The Woman Who Waited
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|Format:||Paperback, 192 pages|
|Published In: ||United Kingdom, 22 February 2007|
When a young, rebellious writer from Leningrad arrives in a remote Russian village to study local customs, one woman stands out: Vera, who has been waiting thirty years for her lover to return from the Second World War. As fascinated as he is appalled by the fruitless fidelity of this still beautiful woman, he sets out to win her affections. But the better he thinks understands her the more she surprises him, and the more he gains uncomfortable insights into himself. Lyrically evoking the haunting beauty of the Archangel region, Makine tells a timeless story of the human heart and its capacity for enduring love, selfish passion and cowardly betrayal.
About the Author
Andrei Makine was born in Krasnoyarsk in Siberia in 1957, but sought asylum in France in 1987. While initially sleeping rough in Paris he was writing his first novel, A HERO'S DAUGHTER, which was eventually published in 1990 after Makine pretended it had been translated from the Russian, since no publisher believed he could have written it in French. With his third novel, ONCE UPON A RIVER LOVE, he was finally published as a 'French' writer, and with his fourth, LE TESTAMENT FRANCAIS, he became the first author to win both of France's top literary prizes, the Prix Goncourt and Prix Medicis. Since then Andrei Makine has written THE CRIME OF OLGA ARBYELINA, REQUIEM FOR THE EAST, A LIFE'S MUSIC, which won the Grand Prix RTL-Lire, and THE EARTH AND SKY OF JACQUES DORME.
A sensuously styled, elegiac tale set in the mid-1970s, Makine's latest opens a window onto a generation of post-WWII Russian widows through one mysterious woman's vigil. In the village of Mirnoe on the northern White Sea coast, a young male journalist researching local customs meets an intriguing woman who has waited 30 years for her fiance, reported killed, to return from the war. Just 16 when her lover was conscripted, Vera devotes herself selflessly to the care of the town's many war widows: she rows out to tend to the widows' graves on a nearby island and lives alone, ever watchful. The narrator, writing in retrospect but 26 at the time of the story, was educated in St. Petersburg; ironic and arrogant, he believes he has Vera's selflessness figured out as a prosaic, idealized vision of womanhood. And yet, he learns, Vera has studied advanced linguistics in St. Petersburg, and returned to Mirnoe by choice. The closer he gets to her, the more he is shamed in the face of her towering presence. Makine, now almost 50 and the author of eight other novels (including Dreams of My Russian Summers), lives in Paris; he transforms a very simple premise into a richly textured story of love and loss. (Mar.) Copyright 2006 Reed Business Information.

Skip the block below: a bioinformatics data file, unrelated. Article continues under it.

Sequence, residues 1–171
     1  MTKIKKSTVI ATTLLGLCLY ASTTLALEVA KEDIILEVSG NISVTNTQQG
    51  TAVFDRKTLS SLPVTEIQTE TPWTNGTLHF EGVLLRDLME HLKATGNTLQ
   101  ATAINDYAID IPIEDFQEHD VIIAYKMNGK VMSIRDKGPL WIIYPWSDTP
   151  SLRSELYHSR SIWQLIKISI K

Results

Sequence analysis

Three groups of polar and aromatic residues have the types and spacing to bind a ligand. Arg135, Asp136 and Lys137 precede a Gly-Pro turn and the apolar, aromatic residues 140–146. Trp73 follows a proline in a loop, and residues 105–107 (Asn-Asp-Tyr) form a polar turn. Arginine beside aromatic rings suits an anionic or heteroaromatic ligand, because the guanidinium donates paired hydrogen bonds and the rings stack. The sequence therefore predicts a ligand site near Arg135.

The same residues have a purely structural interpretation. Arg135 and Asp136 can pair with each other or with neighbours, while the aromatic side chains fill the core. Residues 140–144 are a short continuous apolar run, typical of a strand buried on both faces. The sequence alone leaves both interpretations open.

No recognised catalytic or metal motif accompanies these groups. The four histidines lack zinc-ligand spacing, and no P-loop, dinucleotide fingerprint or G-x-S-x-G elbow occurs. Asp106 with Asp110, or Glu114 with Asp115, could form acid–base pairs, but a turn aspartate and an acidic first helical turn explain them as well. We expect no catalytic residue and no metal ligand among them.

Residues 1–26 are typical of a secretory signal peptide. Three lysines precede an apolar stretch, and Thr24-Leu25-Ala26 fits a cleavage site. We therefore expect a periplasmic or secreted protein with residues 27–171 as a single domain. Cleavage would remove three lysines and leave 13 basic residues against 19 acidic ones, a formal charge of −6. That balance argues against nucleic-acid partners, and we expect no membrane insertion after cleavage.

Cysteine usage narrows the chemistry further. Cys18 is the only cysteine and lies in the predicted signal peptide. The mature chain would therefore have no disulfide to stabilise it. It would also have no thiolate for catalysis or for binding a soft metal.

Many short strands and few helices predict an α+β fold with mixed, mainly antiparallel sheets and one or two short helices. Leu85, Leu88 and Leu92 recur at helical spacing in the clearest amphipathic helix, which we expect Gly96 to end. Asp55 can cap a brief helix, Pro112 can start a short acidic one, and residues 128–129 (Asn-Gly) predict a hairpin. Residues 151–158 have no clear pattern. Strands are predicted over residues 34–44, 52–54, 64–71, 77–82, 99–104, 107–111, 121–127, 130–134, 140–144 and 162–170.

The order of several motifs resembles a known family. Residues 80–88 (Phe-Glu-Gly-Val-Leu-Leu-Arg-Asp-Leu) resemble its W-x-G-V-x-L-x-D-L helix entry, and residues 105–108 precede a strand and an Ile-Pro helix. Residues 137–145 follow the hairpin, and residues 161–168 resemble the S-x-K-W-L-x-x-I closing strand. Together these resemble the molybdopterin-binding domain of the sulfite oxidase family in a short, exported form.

'Ravishing' -- The Times 'Achingly beautiful' -- Guardian 'Bewitchingly mysterious!Makine's reputation rises with every book, and some have claimed that he deserves the Nobel Prize; on the strength of this teasing, emotionally dense novel, it's easy to see why' -- Sunday Telegraph 'Luminous, enthralling!The enormity of the Second World War, with more than 20 million Russian dead, is allied with one, inconsolable human tragedy. This is where Makine dazzles. He can make the universal deeply intimate.' -- Herald 'Beautiful...Makine gives us a work about love and its doppelganger, infatuation, which is by turns touching and profoundly sad' -- Spectator
This ninth novel from the Russian-born Makine (Dreams of My Russian Summers), now a resident of Paris, takes place in the mid-1970s in a rural town called Mirnoe near the White Sea. Our narrator, a 26-year-old folklorist from Leningrad who is documenting local songs and ceremonies, meets an intriguing older woman named Vera who has been waiting for 30 years for her lover, Boris, to return home from the battlefields of World War II. Boris was reported dead in the final days of the war, but Vera forsook her linguistics doctorate and a more cosmopolitan life to await his return in this isolated village, teaching and caring for the elderly in the meantime. Soon she begins a relationship with the folklorist, who has made several erroneous assumptions about Vera and her life that play out in this brief but stirring and intricate novel. The bleakness of the postwar countryside, the rise of the post-1968 Russian intelligentsia, and examples of love both false and true make this a haunting and satisfying tale. Recommended for larger fiction collections and for any contemporary European literature collection.-Jenn B. Stidham, Houston Community Coll.-Northeast, Houston Copyright 2006 Reed Business Information.
|Dimensions: ||1.0 x 12.0 x 19.0 centimeters (0.14 kg)|